Apple's Reality Pro combines virtual reality and augmented reality in a much lighter package than anything available now, but real AR glasses get pushed back indefinitely.
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While Apple's mixed-reality headset is coming in June, its attempt to create a lighter, day-to-day pair of augmented reality glasses appears to have run into technical difficulties.
Still, Apple's Reality Pro is a niche product that will strap a monitor with external cameras over the user's eyes.
The AR glasses, by contrast, are said to be more like normal glasses with the capability to overlay data on the real world, and thus far more usable on a day-to-day basis. No timeframe is currently attached to the project, Bloomberg reported.
One of the biggest hurdles appears to be the battery for this follow-up product. Attaching it to the device itself would make it heavy, and fuel safety concerns. But even if a workaround is found here, battery life would then rear its head, amid doubts that it could last a whole day.
With a cost expected to run to $3,000 or more, Apple's Reality Pro will have an ultra-high resolution monitor, full Mac M2 chip, separate AR/VR chip, and 10 pass-through cameras to enable users to wear it while moving around for an AR overlay of the real world. It will also have a variety of sensors including eye tracking that will make it suitable for full virtual reality gaming and work environments.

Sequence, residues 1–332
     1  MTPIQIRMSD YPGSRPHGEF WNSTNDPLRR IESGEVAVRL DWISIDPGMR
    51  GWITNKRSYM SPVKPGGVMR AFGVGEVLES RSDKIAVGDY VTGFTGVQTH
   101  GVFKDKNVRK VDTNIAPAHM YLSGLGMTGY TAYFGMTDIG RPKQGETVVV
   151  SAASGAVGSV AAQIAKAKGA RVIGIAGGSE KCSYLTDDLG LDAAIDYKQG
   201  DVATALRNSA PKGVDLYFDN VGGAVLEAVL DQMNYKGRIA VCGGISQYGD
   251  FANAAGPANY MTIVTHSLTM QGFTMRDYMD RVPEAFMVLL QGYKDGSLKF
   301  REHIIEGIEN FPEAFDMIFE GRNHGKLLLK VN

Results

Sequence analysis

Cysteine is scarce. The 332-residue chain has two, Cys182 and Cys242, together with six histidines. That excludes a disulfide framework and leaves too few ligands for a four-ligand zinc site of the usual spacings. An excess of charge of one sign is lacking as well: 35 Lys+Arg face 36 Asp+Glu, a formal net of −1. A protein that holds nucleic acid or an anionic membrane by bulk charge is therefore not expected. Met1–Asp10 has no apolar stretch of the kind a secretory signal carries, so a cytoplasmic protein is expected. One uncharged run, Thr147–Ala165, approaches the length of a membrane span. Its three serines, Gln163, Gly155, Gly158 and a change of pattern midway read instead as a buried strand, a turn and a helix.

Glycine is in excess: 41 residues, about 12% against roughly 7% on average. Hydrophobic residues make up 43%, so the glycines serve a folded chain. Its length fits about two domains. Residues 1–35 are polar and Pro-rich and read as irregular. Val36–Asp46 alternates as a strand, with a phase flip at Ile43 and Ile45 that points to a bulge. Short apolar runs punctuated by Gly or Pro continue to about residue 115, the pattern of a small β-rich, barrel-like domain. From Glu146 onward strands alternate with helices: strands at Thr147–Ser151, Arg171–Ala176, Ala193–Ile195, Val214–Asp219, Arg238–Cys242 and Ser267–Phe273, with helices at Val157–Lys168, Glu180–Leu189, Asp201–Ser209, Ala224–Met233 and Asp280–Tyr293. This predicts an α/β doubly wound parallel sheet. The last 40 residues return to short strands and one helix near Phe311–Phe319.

Meta's best-selling Quest 2 VR headset runs $399 and is quite large — essentially like strapping a curved smartphone across your face — while its slightly smaller and substantially more advanced Quest Pro runs $1,499. Apple's version is expected to be much smaller and lighter, but also twice the price.
Google Glass 2?
Apple's AR glasses are similar in concept to the Google Glass spectacles that failed to gain traction in a brief run from 2013 to 2015. Although there is an enterprise version for the workplace still available.
Google itself is rebooting the consumer-focused concept. At its I/O conference in May, Google announced a new version of AR glasses with the ability to translate conversations into different languages in real time, using a text-based AR overlay.
A blog post from Google and Alphabet CEO Sundar Pichai included a video clip announcing the new Google Glass.